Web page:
Is the consolidation of financial regulation oversight into one unelected official constitutional? Gregory Jacob, Partner at O’Melveny & Myers, LLP, gives a history of the establishment of the Consumer Financial Protection Bureau (CFPB) as a response to the financial crisis of 2008 and discusses a recent decision by the D.C. Circuit regarding the agency's structure.
What is the role of the FCC in regulating the Internet? FCC Commissioner Ajit Pai gives an overview of Title II and how 19th-century regulations might not be the best solution to 21st-century problems.
What are the limits of what constitutes a “church” under ERISA, the Employee Retirement Income Security Act? Eric Rassbach, Deputy General Counsel for The Becket Fund for Religious Liberty, explains the upcoming Supreme Court Case, Dignity Health v. Rollins. The “Dignity Case” highlights the ambiguity of the definition of “church-established enterprises,” such as the health care systems of religious organizations, and how they are impacted by the parameters of what constitutes religious exercise.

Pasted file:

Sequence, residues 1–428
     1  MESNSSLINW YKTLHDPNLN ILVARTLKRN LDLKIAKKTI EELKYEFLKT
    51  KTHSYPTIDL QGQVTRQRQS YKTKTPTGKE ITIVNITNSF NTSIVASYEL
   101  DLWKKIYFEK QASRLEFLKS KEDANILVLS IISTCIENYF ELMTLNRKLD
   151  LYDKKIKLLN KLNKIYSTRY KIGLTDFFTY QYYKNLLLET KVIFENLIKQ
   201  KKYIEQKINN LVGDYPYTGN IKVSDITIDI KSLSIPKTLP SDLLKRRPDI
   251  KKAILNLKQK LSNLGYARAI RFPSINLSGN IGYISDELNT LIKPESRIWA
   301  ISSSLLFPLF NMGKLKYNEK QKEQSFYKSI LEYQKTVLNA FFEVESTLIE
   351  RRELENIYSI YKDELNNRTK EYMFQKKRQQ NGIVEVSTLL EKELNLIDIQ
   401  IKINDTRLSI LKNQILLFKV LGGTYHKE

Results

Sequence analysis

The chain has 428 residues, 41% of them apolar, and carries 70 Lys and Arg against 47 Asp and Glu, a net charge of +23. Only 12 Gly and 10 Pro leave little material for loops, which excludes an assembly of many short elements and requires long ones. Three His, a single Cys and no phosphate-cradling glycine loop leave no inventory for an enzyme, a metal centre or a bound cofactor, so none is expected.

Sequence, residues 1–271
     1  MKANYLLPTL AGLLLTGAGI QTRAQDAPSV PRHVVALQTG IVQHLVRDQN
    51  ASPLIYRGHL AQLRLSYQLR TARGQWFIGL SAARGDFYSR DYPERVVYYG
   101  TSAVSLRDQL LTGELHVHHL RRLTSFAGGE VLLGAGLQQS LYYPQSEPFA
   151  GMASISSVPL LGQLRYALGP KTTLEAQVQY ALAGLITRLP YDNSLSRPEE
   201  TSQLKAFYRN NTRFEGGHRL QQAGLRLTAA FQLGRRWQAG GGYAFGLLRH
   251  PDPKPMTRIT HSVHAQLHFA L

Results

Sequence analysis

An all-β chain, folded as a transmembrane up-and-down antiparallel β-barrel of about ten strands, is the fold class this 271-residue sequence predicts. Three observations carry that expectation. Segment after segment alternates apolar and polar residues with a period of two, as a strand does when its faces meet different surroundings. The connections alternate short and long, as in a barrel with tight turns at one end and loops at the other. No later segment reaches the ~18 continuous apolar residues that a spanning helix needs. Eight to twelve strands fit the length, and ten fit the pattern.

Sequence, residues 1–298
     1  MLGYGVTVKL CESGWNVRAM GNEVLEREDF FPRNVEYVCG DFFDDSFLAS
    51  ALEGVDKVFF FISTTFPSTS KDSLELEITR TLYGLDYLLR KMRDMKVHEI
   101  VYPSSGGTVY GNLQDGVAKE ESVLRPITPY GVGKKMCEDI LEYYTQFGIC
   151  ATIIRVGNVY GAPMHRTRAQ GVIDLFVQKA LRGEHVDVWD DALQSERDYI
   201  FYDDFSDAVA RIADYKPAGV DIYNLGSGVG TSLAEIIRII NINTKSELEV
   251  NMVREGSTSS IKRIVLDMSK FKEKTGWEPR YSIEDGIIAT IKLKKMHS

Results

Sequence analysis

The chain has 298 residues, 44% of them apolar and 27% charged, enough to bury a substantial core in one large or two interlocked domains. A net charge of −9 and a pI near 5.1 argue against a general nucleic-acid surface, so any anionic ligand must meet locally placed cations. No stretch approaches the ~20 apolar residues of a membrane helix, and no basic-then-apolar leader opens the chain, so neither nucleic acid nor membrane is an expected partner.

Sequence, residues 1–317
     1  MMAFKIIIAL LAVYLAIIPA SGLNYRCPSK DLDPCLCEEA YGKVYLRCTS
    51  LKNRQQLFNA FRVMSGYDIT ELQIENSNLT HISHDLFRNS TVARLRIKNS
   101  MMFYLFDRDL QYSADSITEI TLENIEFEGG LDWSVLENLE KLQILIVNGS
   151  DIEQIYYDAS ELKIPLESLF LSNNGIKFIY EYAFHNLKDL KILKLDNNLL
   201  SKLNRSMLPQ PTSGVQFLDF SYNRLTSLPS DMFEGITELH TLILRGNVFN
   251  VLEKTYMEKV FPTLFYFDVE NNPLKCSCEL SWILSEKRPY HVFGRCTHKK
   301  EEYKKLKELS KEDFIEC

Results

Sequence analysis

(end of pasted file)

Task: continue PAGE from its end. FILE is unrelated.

Can price discrimination be good Internet policy? Professor Gus Hurwitz of the Nebraska College of Law explains the arguments for and against regulating the average cost of internet access, and how the economics of price discrimination can be used to increase Internet access.
What is the origin of the term “lame-duck?” Edward J. Larson, Professor and Hugh & Hazel Darling Chair in Law at Pepperdine University gives a history of the 20th Amendment and discusses how lame-duck lawmaking has been part of our nation's history.